I’ve continued some research into how this probably could’ve happened but I’m still left with one remaining question.
What I can’t seem to find, is information about how the replication controller and the evacuate command interact. If I mimic what the evac command does via this awesome bash line:
I’m able to recreate the problem. This makes me think that when a lot of commands are executed, the replication controller is not able to keep up with the needs of the application. Something I found in the events log during this scenario is a little nerving.
As seen from the above, the newly created pods appear first to be wanted to be placed on node–002, but node–002 is not found in the cache, which suggests he’s failing to pass through the predicate search of available nodes. Which should be understandable as he’s been marked unschedulable. What I don’t understand is that during this period of time, node–001 and node–003 are available and more than willing to accept these pods. I ponder if the replication controller doesn’t have updated information regarding the availability of nodes until after the pods are finally killed off.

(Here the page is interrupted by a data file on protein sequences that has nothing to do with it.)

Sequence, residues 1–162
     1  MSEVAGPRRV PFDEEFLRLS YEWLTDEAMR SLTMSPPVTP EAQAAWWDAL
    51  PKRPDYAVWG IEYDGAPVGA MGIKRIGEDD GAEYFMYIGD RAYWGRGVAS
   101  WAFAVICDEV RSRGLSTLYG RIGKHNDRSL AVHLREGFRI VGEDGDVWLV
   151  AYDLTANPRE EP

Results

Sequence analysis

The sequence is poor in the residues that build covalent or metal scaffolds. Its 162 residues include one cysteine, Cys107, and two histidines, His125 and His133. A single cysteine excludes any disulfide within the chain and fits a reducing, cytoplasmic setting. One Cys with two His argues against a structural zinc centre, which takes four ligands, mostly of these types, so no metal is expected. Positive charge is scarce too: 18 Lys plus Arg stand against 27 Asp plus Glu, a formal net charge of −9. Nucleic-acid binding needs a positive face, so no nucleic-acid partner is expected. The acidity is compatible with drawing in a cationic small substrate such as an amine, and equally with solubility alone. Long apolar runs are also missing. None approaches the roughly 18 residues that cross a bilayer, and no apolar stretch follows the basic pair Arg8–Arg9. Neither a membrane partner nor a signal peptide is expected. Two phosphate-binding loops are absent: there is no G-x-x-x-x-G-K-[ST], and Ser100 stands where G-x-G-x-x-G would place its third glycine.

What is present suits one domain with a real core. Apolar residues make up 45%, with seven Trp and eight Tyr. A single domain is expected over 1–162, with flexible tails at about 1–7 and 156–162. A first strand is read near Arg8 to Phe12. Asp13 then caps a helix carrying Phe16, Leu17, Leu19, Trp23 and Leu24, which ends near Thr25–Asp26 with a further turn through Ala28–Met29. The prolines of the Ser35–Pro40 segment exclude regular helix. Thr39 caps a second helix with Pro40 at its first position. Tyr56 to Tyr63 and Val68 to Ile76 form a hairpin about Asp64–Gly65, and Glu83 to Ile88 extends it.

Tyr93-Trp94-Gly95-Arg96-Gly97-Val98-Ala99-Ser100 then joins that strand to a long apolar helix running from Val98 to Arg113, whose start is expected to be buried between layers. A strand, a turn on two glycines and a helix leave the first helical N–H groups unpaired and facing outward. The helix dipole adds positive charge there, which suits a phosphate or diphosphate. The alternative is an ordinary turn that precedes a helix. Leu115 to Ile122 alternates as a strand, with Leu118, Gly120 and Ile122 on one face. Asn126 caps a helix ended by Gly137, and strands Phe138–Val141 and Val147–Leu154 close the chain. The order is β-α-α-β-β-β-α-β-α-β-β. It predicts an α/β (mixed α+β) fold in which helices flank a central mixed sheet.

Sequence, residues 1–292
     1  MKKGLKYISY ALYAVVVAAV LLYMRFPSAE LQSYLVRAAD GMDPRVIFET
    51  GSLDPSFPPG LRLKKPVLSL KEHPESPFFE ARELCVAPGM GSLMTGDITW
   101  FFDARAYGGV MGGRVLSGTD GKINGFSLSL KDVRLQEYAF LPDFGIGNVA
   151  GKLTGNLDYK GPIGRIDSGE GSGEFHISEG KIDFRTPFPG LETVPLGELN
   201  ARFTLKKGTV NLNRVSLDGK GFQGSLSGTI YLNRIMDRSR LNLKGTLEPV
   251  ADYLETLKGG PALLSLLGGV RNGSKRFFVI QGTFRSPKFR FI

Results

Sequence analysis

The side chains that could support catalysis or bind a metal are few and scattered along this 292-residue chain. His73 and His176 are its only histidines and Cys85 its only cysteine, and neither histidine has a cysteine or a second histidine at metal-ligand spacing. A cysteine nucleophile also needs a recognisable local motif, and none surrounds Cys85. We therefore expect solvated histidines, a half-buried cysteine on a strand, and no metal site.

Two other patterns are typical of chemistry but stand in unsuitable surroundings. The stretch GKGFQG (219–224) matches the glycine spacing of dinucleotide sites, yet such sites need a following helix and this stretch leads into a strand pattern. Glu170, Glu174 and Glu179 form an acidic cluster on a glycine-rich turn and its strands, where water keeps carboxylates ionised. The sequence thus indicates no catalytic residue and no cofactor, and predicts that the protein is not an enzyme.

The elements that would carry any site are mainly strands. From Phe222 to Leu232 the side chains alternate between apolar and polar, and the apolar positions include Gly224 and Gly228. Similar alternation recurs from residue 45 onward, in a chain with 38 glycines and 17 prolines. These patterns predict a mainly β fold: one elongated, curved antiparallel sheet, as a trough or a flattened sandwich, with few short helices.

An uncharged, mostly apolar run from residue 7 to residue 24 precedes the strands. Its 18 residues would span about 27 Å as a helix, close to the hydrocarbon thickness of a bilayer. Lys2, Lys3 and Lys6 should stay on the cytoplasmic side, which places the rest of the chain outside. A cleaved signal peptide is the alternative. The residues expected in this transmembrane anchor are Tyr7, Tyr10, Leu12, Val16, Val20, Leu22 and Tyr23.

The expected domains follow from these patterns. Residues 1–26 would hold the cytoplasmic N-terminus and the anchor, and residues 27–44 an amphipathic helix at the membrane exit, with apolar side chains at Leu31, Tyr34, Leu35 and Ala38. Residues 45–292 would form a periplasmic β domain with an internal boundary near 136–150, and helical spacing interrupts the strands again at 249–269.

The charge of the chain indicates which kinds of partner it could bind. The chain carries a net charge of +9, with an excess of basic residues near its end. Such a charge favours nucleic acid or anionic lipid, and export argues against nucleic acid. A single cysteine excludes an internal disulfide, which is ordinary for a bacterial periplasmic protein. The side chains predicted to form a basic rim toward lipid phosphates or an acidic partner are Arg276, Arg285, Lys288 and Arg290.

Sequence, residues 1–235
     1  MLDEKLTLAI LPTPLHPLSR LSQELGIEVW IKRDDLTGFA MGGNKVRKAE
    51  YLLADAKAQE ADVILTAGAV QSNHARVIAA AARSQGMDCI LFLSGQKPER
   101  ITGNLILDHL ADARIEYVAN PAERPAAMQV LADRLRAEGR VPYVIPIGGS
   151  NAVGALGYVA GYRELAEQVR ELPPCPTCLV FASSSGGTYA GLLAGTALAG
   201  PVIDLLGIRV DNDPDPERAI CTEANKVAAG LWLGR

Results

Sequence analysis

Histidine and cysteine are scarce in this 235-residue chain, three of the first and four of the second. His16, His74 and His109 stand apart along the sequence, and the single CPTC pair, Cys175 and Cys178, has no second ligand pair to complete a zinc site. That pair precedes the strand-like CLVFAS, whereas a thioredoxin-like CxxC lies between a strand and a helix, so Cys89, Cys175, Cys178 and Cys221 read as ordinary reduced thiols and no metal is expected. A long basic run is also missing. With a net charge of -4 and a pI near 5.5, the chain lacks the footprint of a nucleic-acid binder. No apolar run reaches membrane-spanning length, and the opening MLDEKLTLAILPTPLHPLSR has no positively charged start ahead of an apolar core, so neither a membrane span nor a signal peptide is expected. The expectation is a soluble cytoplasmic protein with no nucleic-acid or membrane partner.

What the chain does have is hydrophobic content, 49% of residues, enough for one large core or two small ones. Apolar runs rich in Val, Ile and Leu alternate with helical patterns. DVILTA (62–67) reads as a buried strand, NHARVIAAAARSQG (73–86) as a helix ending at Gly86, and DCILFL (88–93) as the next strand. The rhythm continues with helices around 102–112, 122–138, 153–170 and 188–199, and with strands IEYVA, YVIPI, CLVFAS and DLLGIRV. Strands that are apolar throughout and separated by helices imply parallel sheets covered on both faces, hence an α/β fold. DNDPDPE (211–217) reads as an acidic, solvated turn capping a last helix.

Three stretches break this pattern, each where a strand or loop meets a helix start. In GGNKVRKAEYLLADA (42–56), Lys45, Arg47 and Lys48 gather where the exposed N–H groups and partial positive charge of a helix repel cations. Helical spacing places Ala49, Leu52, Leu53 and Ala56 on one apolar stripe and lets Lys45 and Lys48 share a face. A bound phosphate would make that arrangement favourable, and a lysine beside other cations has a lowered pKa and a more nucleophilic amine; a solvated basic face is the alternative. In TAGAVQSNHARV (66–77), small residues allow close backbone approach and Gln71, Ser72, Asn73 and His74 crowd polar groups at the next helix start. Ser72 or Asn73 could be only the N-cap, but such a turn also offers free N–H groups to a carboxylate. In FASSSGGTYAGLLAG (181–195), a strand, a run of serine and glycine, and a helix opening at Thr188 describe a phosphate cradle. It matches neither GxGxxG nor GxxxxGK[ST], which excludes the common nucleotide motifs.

I’m still researching how I can prevent all three pods from ending up on a single node.
On June 7, 2016 at 16:05:12, Skarbek, John (john skarbek ca com) wrote: